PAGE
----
...that's how that started. We ran chefand the farmer for like three years. I still wanted to be a journalist. Istill wanted to be a storyteller and I pitched the idea of making thisdocumentary about the dying food traditions of eastern north Carolina tomy childhood friend Cynthia Hill, that became a chef's life. A chef's lifegave me the opportunity to write my first book, Deep run routes, which isabout the food traditions of eastern north Carolina. Deep run where I livenow, where I grew up and now I can't even really tell you what I'm doing.Yeah, well I'm in from a distance I'm going to or from a distance, uh, goingback to barbecue just a little bit. You did an episode on somewhere south whereyou visited different pit masters and kind of explore the whole east Carolinabarbecue tradition. Can you tell me how that was and what that was like? Yeah,that was so incredible. So somewhere south, every episode was about a dishthat every culture shares. And so we had an episode on greens, we had anepisode on dumplings and our final episode was barbecue and it was by farthe most fun to shoot. We got to do a snapshot of eastern north Carolinabarbecue, which is something that we is one of our pride points here in thisregion of the state. You know, when it's done the best, it's whole hog andit's over wood. And so we got to go to to two places in eastern north Carolinathat do some version of that one was SIDS and viewable and they, they reallyhave the best barbecue chicken that that is out there right now in myopinion. And then we also went to skylight in here, which is whole hogpork barbecue barbecue chicken is something that, you know, when you growup in eastern north Carolina, you don't eat like whole hog barbecue every dayor even every week. It's very much celebration food, but chicken issomething that we would have more frequently and it's the most profoundfood memory I have of my youth is this...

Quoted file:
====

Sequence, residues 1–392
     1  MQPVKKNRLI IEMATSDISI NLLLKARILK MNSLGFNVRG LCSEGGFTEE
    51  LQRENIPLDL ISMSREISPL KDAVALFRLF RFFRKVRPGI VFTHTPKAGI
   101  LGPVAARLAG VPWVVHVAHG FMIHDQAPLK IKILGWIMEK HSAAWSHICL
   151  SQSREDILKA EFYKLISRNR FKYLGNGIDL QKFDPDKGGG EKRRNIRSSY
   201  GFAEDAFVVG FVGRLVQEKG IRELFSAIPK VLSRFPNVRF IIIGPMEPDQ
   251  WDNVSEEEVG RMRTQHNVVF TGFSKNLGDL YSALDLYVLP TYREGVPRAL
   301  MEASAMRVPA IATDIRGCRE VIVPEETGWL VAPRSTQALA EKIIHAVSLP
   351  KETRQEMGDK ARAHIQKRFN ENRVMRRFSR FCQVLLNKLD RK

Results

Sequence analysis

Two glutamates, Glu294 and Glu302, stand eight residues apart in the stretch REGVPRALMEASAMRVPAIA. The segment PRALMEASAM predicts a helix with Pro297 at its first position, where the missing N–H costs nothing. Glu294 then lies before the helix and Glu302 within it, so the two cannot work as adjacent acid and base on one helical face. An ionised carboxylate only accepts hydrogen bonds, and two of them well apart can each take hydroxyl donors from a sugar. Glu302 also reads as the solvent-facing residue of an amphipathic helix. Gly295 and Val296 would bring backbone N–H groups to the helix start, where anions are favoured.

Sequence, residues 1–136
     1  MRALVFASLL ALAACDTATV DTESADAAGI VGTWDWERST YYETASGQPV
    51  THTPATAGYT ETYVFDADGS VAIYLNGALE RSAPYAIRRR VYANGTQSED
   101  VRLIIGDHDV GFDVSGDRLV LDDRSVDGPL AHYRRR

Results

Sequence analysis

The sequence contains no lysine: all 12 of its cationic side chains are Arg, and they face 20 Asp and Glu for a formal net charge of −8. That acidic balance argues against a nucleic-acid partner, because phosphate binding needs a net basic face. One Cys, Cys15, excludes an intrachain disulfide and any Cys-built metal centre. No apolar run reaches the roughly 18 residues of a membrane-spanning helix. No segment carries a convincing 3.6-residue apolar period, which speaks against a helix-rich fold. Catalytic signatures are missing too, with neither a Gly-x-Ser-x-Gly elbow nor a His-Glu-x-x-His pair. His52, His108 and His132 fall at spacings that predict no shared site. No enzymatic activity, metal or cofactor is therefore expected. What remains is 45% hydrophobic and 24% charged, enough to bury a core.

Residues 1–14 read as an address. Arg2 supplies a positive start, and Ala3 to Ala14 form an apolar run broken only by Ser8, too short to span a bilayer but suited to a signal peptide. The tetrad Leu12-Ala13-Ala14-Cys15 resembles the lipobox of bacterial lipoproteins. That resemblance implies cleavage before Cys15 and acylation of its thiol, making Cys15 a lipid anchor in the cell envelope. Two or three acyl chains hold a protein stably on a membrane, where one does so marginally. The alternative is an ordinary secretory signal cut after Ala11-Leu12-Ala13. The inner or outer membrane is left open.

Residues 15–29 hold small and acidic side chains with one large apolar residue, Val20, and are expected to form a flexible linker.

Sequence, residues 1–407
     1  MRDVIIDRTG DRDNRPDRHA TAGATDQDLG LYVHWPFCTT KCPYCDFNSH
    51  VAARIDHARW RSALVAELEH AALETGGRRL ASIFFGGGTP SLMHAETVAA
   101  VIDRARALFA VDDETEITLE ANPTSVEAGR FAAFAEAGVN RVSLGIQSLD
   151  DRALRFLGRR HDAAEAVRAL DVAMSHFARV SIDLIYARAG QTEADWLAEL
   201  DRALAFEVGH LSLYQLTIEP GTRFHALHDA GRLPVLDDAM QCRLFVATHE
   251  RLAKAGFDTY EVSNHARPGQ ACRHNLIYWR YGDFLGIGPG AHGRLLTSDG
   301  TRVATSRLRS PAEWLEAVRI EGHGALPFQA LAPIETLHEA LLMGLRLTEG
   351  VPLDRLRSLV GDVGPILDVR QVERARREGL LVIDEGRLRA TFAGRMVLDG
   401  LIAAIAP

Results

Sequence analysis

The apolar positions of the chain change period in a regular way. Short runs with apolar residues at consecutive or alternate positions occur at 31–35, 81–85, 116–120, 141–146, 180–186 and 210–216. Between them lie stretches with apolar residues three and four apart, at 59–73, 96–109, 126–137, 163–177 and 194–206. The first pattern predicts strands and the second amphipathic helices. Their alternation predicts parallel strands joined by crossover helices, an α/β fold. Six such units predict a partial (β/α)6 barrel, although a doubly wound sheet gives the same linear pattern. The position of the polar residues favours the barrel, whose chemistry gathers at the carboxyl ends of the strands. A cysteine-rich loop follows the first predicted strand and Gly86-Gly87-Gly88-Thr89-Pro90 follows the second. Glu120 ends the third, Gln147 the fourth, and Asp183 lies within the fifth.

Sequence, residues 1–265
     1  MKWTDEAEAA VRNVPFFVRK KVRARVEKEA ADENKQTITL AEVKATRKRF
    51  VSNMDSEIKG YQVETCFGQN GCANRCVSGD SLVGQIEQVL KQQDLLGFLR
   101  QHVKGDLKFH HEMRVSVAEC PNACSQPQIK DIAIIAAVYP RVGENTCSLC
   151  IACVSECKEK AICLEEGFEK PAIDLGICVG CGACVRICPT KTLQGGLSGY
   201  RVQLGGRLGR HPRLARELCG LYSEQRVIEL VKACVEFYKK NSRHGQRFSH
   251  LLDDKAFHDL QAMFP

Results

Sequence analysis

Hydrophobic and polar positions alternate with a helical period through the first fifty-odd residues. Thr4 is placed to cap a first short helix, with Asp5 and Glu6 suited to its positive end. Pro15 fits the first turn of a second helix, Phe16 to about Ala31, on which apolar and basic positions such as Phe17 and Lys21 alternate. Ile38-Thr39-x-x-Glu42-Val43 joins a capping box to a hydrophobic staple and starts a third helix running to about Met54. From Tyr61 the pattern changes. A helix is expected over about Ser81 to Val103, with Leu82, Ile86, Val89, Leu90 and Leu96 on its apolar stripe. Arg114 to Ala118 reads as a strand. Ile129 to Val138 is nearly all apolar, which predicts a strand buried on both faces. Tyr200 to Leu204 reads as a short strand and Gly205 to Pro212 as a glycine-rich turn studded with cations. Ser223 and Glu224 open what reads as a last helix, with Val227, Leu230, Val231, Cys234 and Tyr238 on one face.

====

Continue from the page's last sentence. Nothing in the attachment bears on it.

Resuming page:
...ritual every saturday morning wherethis man that I think my dad money and in lieu of paying the money, brought usthree BBQ chickens every saturday morning and put them on our kitchencounter. And I slept in the room next to the kitchen and it was like thesmell of smoke and vinegar and char is was better than bulgers in your cup. Iguess I'm with you, I'm with you, I am so hungry now because I mean thatchicken, yes, and people would do it for like fundraisers and things. Always.Like my dad would come home with these big styrofoam containers of thisbarbecue chicken and I just remember how it smelled and tasted and thevinegar and uh, it's so, so good. So well, as we all know, cookbooks areobviously a really great way to tell a story about a region or a cuisine oreven a person and I think you're probably best known for being a chef,but you have said and you sort of indicated here that writing is a realpassion of yours and you know you have written these incredible, incrediblecookbooks that not only give us recipes, but they also really tell a story aboutthis region and about you, which I think is really incredible. So you sortof gave us a little bit, but can you kind of give us like a deeper dive intoyour journey to publishing your first two books? Yes, so I when a chef's lifestarted, several agents reached out to me and said you know you need acookbook, everybody on tv cooking on Tv has a cookbook and that was like sodreamy for me because I had always wanted to be you know a writer and theagents said all you really need to do is like write a few sentences aboutwhat you want your book to be and we'll find you a writer and we'll help youand we'll find you a publisher. And I was like, well that's not really what Ithought it would be like. And I did...